Being a perfectionist is not all bad. It provides the motivation to do great work, provide excellent results, and invokes a dedication and perseverance that others admire.
But it can come at a cost – to your results and to your quality of life.
Perfectionism can easily result in paralysis, inflexibility, and the inability to adapt to change. As a perfectionist, you might get attached to a way of doing things that you have mastered over several years, but is out of touch with new needs, constraints and goals. Can you imagine mastering the use of the fax machine?
And, when it’s time to create a new approach, process or method, you can easily want to get it perfected out of the gate, when you must go through a period of trial and error to perfect. While this can be very frustrating, it’s not the biggest cost to our personal well-being.
In the pursuit of perfectionistic results, it’s common to also experience the highest levels of self-criticism for falling short. The blame we turn on ourselves or others involved with us, can be brutal to our self-confidence, sense of worth, and our sense of discouragement or hopelessness.
There are two strategies that have assisted me with my perfectionistic tendencies:
1 – Changing My Approach
My best decisions are often made after my “initial” decision. Once I begin to move on my decision I experience flow or resistance, which informs my “actual” decision. Why the discrepancy?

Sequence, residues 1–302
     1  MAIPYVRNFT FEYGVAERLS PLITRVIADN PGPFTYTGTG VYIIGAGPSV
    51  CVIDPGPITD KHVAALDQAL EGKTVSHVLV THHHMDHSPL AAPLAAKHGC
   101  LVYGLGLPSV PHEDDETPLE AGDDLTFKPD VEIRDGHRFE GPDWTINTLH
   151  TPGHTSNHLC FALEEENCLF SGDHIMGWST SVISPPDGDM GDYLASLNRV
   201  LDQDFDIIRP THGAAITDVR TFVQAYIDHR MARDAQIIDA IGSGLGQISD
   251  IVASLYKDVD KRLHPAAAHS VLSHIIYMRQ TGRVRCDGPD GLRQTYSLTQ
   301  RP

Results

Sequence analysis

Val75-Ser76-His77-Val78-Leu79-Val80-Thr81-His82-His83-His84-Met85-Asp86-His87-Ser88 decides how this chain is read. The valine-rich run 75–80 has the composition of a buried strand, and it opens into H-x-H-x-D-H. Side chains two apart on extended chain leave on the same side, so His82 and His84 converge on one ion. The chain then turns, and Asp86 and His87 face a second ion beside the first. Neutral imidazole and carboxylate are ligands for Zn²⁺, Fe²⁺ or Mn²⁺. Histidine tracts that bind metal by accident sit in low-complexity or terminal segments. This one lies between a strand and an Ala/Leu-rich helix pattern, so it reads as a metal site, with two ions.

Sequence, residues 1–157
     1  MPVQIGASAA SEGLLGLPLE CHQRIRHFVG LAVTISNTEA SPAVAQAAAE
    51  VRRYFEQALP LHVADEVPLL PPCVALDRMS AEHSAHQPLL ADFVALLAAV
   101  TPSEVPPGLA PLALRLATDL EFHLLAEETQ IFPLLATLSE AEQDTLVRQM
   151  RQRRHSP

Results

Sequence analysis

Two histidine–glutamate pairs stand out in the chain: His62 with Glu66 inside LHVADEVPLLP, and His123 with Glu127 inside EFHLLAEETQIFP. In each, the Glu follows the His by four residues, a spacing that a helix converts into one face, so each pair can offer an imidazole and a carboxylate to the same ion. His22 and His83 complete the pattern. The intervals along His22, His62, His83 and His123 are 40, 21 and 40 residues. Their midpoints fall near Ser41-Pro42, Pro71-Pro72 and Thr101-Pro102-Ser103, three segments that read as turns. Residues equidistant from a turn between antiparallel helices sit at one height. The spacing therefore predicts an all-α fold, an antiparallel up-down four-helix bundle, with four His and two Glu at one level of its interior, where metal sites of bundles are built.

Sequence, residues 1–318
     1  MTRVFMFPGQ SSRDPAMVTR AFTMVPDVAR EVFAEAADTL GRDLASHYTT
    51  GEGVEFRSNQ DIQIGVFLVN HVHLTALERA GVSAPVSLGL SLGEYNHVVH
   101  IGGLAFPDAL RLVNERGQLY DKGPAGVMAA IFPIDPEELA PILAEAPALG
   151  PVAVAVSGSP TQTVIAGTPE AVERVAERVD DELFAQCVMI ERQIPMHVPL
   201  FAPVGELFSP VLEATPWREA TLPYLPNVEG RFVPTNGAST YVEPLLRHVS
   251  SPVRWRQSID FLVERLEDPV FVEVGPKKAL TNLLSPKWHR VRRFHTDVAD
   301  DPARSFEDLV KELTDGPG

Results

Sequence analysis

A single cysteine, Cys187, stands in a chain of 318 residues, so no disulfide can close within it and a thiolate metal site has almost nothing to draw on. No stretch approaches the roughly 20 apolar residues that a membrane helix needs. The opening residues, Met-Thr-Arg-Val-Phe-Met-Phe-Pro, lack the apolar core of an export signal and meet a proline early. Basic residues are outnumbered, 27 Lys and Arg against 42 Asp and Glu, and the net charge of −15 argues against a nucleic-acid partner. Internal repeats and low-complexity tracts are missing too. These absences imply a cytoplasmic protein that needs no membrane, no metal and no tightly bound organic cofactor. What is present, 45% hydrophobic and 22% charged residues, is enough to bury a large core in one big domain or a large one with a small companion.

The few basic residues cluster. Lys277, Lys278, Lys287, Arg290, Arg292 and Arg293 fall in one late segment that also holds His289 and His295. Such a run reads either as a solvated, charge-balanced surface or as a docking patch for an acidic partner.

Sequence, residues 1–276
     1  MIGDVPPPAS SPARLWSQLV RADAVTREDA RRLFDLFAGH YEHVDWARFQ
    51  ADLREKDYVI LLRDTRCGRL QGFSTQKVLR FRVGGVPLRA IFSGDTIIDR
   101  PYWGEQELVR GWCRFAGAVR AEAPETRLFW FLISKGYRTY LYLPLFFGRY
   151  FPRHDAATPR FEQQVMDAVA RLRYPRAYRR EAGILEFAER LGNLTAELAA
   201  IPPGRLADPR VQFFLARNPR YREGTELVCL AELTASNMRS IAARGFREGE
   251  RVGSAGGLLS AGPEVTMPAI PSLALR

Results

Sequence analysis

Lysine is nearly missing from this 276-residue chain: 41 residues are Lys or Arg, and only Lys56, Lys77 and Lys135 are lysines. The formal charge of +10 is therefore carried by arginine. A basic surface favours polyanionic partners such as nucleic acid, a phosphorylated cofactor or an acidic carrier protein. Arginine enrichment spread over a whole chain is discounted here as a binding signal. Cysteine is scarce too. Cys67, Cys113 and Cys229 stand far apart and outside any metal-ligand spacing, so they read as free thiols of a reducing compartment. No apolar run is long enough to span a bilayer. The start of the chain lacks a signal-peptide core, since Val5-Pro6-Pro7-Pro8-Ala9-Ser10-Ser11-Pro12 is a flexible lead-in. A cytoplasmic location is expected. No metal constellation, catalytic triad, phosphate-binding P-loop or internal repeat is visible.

Because we can’t know in our “heads” what the experience will teach us.
Knowing this gives me permission for four phases –
This provides time and space for fine-tuning, adjusting, getting input from others and getting inspirational messages from my attunement. No pressure, just fun in the creation!
2 – Kindness and Forgiveness
There is no greater responsibility that I will have in my lifetime than being a loving “parent” to myself. Providing kind and caring course correction instead of abusing myself with self-criticism, berating my imperfections or punishing myself for my human error, which is natural.
Making a vow of acting kindly towards me, even when I fall short of my goals, has been critical for my well-being and my sense of self-worth. And, when I forget, which is also natural, I quickly move into Self-forgiveness for the judgments I placed against myself.
As quickly as possible, I remember that I am doing the best I can, forgive myself for my self-criticism, and kindly encourage and inspire myself to do better as I remind myself that learning is the goal – doing better the next time – and enjoying the process along the way.